ST. PETERSBURG — A new squad of police officers focused on tackling crime patterns and neighborhood outreach soon will be hitting the streets.
The new unit — which has yet to be named — will zero in on crime prevention, according to a memo obtained by the Tampa Bay Times.
It will be made up of seven officers, a detective and a sergeant and will officially launch Monday, according to Assistant Chief David DeKay.
The unit, which will be under the direction of acting Maj. Paul McWade, will do everything from attending neighborhood meetings to addressing short-term crime sprees.
"They'll be citywide, responding to patterns or needs," DeKay said. "We're not consolidating anything. We're not replacing anything. We'll be kind of supporting those efforts already in place."
Some of those things already are done by community police officers. But the new unit is designed to respond quickly to issues, such as if a rash of burglaries pops up in a certain neighborhood.
DeKay said the idea for the squad came from Chief Chuck Harmon, who was out of the office and unavailable for comment.
Earlier this year, the chief said he was keeping an eye on a recent uptick in property crimes. Statistics show that after several years of declines, those are up, especially auto thefts.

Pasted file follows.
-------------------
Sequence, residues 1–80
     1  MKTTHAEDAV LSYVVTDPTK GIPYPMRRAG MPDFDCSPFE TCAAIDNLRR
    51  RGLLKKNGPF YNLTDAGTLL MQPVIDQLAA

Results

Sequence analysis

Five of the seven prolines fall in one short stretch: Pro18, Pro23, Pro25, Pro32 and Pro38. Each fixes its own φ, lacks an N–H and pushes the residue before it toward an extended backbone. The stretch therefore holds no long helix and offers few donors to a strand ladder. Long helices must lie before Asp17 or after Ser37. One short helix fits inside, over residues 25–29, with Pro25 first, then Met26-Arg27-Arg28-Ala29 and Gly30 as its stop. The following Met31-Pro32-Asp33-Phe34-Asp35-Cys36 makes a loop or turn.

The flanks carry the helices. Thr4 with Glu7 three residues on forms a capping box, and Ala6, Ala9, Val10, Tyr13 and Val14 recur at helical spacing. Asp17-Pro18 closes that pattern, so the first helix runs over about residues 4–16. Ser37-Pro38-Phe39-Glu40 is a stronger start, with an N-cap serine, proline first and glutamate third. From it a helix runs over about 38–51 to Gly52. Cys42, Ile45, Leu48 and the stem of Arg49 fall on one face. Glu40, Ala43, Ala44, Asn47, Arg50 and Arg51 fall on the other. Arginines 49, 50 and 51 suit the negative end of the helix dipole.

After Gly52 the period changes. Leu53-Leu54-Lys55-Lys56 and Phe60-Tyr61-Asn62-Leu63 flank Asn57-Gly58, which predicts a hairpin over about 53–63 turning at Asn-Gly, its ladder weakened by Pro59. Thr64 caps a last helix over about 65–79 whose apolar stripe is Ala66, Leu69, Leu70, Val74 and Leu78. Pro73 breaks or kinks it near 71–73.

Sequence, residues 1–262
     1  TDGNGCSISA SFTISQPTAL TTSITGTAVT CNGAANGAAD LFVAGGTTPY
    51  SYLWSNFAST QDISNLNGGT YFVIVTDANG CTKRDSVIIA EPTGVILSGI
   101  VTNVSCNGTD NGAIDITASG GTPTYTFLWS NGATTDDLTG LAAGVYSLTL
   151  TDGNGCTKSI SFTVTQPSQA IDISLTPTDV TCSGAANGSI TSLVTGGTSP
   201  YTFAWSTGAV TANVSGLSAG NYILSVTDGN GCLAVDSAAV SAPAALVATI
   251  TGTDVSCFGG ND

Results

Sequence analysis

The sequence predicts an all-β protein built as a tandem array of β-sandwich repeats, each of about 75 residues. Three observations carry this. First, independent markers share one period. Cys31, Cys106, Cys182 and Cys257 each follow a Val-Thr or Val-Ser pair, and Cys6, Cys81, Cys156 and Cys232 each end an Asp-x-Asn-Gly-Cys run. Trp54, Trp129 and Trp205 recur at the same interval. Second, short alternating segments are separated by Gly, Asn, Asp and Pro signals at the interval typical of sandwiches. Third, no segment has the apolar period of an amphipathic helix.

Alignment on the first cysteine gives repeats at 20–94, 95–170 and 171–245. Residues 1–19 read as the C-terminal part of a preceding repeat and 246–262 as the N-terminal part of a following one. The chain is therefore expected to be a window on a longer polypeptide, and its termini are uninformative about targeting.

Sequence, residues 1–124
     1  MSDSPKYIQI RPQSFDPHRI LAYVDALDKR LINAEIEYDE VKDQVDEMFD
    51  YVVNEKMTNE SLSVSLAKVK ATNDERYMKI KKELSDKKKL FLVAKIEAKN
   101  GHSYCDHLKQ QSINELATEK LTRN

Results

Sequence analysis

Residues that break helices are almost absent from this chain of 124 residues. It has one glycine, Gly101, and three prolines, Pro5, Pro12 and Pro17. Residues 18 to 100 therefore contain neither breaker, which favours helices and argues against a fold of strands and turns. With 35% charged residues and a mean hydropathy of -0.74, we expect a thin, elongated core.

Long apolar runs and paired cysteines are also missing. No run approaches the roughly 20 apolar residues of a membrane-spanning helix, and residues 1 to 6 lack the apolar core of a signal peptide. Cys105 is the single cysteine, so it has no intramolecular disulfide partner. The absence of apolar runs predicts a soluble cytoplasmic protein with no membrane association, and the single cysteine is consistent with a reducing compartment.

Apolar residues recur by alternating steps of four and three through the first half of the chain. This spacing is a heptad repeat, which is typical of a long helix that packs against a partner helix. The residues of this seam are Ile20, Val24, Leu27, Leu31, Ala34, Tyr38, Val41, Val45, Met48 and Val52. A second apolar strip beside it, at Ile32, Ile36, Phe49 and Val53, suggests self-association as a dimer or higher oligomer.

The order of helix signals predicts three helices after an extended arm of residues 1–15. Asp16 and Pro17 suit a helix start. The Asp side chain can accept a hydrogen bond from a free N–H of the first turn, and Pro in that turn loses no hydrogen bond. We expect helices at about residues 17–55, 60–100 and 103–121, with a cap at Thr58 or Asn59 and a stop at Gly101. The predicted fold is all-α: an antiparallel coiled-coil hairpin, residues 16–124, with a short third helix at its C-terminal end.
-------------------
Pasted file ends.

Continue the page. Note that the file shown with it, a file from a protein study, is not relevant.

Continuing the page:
"I don't want to speak for the chief, but I suspect he was thinking along those lines when he was considering doing this unit," DeKay said.
The creation of the new unit coincides with changes to another specialized squad at the department: street crimes.
Street crimes will downsize from three squads to two, officials said. In fact, two of the officers from street crimes are going to be in the new crime prevention unit. Others in the new unit come from patrol, community policing and vice and narcotics.
McWade said officials were looking for outgoing officers who know how to work with people. They also will work closely with detectives.
"It just gives us a group of officers we can quickly allocate if something comes up," McWade said.
Kameel Stanley can be reached at [email protected] or (727) 893-8643.